Indepth Arts News: |
"Facts, Fictions and Stories: Two Projects by Adam Broomberg and Oliver Chanarin"
2006-11-10 until 2007-02-25
‘Facts, Fictions and Stories’ is the first solo exhibition in The Netherlands for Adam Broomberg (South Africa, b. 1979) and Oliver Chanarin (Great Britain, b. 1971). Stedelijk Museum CS presents two impressive projects by this pair of photographers, totalling more than 70 large-format photographs. Their most recent work, ‘Chicago’ (2006), shows various aspects of the war and propaganda in Israel. The series ‘Mr. Mkhize’s Portrait’ (2004) casts a glance at South Africa ten years after the end of apartheid. The photographs (generally portraits) are combined with texts and interviews, and give us a convincing picture of the social changes and complexity of daily life in that country. Both projects are not only striking examples of photo reportage, but also make an important contribution to the discussions within documentary photography. The exhibition ‘Facts, Fictions and Stories’ opens on Thursday, November 9, at 5:00 p.m. in Stedelijk Museum CS, and runs through February 25, 2007.
In their work Broomberg and Chanarin focus attention on the processes which lie behind the creation of a photograph. For instance, among the things investigated in ‘Mr. Mkhize’s Portrait’ is the ever problematic relation between the photographer and the subject, and with ‘Chicago’ they raise the issue of the friction between reality and fantasy. The photographers first worked together in the 1990s, at the magazine COLORS, published by Benetton. As editors under Oliviero Toscani they saw hundreds of photos that passed through their hands daily, pictures in which the identity of the subject always remained unknown to them. When in 2000 they were given the opportunity to reshape the contents of the magazine, they decided to deal with this problem of representation and only publish a photograph if there had been contact with the subject. Rather than buying in photographs, they produced the photo series themselves, and travelled around the world in order to record twelve contemporary ghettos in words and pictures. This also resulted in the book Ghetto, with series shot in a high security prison in South Africa and a chic ‘gated community’ for senior citizens in the United States, among other places. The project poses interesting questions for us about the role of photography in the perception of the world, and the way in which the medium represents a topic. Both photographers have a very objective manner of recording their subjects, without inordinate aesthetic input. What makes their work so special and unique is the fact that with their photographs they stimulate us to think about questions of this sort, without giving us a ready-made answer.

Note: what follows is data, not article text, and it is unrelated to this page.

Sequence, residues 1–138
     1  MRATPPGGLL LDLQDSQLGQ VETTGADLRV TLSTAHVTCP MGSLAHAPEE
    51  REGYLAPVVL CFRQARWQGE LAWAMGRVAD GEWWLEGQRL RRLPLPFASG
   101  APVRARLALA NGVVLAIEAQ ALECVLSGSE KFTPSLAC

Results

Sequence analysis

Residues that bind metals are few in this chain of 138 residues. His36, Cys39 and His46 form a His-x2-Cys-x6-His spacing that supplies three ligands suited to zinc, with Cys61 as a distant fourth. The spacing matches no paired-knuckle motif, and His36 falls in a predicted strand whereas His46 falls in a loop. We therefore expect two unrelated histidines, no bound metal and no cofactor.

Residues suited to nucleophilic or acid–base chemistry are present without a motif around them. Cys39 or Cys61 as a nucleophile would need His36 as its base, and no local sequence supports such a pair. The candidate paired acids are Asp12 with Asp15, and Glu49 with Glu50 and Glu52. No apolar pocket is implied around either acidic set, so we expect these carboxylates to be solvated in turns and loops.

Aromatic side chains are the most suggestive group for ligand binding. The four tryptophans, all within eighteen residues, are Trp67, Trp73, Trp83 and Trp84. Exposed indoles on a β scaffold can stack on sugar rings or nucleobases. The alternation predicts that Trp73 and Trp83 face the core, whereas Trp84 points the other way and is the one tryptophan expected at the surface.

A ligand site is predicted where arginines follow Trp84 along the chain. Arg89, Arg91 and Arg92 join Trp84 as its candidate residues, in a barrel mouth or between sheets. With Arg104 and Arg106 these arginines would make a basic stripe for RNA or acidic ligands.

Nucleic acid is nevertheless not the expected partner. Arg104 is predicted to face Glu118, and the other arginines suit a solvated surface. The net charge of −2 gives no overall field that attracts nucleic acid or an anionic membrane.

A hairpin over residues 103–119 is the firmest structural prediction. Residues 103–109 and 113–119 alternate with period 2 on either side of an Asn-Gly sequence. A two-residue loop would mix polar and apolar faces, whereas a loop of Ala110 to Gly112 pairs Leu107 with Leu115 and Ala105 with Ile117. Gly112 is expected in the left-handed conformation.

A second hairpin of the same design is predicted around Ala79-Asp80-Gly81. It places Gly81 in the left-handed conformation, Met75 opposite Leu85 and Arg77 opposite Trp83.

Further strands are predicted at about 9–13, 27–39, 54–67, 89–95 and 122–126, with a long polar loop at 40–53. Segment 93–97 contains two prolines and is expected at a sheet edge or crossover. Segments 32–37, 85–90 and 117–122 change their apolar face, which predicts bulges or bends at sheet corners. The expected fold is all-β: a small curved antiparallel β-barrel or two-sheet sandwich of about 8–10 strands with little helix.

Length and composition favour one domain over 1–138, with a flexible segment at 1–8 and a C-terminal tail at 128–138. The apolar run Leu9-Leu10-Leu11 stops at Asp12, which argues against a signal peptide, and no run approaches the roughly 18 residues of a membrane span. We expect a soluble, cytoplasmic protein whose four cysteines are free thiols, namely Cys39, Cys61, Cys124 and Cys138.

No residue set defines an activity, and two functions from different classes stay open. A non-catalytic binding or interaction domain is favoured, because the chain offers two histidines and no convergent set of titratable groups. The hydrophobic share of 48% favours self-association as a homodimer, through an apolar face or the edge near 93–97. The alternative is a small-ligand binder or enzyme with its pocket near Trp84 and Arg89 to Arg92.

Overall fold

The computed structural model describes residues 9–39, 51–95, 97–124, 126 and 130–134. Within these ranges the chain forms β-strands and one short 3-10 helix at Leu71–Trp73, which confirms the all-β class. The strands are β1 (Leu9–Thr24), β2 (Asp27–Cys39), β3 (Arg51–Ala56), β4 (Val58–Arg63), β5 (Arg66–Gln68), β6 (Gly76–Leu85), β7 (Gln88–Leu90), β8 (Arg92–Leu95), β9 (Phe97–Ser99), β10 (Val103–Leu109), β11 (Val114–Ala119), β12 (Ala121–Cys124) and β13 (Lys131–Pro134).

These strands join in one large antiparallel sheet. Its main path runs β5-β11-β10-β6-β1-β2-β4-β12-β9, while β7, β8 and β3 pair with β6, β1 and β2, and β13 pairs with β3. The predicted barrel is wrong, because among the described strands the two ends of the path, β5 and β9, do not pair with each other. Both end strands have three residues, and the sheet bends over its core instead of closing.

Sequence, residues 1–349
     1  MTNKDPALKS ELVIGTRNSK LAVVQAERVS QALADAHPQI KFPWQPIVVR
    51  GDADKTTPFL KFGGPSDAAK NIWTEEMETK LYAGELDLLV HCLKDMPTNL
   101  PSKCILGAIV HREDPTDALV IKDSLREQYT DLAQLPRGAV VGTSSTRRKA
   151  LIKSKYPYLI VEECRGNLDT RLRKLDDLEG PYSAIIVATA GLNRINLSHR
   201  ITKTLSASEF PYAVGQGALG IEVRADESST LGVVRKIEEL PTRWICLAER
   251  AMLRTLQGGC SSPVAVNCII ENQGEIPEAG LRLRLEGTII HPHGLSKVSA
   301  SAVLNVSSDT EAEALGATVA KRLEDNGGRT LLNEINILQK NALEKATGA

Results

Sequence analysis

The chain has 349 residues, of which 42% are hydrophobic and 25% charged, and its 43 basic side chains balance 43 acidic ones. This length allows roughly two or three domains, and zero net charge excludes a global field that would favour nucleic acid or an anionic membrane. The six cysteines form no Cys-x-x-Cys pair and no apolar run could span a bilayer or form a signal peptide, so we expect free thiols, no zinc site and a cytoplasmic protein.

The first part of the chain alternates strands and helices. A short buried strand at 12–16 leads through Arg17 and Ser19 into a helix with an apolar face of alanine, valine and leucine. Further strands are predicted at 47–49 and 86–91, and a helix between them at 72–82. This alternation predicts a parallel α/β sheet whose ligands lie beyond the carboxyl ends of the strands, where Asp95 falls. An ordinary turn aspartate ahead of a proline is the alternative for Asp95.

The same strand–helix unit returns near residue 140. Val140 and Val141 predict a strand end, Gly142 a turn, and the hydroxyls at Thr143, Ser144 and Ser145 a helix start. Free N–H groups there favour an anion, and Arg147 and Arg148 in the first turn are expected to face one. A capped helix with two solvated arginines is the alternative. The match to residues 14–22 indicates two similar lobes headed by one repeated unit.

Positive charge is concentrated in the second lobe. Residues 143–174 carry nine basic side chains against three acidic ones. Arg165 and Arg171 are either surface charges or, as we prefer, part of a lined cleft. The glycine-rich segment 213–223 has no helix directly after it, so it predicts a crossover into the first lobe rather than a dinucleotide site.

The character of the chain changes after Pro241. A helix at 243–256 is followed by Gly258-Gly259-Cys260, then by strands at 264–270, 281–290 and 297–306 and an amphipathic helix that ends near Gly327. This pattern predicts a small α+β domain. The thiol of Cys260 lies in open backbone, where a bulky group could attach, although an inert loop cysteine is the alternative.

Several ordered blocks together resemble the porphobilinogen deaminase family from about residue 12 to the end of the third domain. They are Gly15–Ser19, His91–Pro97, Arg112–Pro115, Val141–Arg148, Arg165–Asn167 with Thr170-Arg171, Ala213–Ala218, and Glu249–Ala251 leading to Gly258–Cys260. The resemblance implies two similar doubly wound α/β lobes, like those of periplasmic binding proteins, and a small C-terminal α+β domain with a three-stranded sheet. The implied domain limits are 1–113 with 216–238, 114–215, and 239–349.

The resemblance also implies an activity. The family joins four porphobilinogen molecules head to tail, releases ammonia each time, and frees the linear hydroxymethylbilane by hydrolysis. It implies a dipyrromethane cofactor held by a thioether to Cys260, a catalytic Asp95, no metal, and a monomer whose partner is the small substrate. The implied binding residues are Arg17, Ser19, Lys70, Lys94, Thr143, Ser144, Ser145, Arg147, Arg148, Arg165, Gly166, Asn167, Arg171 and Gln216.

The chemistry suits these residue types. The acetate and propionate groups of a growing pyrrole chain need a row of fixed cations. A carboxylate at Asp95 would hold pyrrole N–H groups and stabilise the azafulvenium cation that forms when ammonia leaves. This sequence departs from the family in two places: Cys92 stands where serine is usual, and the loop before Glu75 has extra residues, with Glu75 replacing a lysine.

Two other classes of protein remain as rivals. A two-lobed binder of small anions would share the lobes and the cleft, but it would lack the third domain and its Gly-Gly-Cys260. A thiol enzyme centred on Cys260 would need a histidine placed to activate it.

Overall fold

The pair, now living in London, grew up in South Africa. For the photo series ‘Mr. Mkhize’s Portrait’ they returned to South Africa and recorded how life there looks for different groups in the population, ten years after apartheid. By means of impressive portraits and interviews they reveal to us the contrasts, possibilities and problems of that complex land. For example, they assemble fascinating impressions of people and their conduct at places with great political or social unrest. In doing this they not only show themselves knowledgeable about historical events, but also about developments in photography, and are able to place their own work within the photographic tradition.
At first glance the series ‘Chicago’ appears to be a photographic report on a Palestinian village destroyed by war. On closer examination however it proves to be about an Israeli military training camp where the daily practice of the Palestinian conflict is reproduced in a very realistic manner for the soldiers. Broomberg and Chanarin, both with a Jewish background, photographed Israeli sniper nests and Palestinian precision bombs camouflaged as everyday objects. They also visited Mini Israel, a gigantic scale model of the most important places in Israel, created as a tourist attraction. By placing images of this Madurodam of Israel next to photographs of real landscapes, their photographic themes come together. What is reality? What is fantasy? And how can you represent such paradoxes within a country? The Israel without the remains of bombed busses proves to be a scale model, the innocent landscapes that we see are built over the ruins of Palestinian settlements reduced to rubble by shelling.
Broomberg and Chanarin
from series 'Mr. Mkhize's Portrait', 2004
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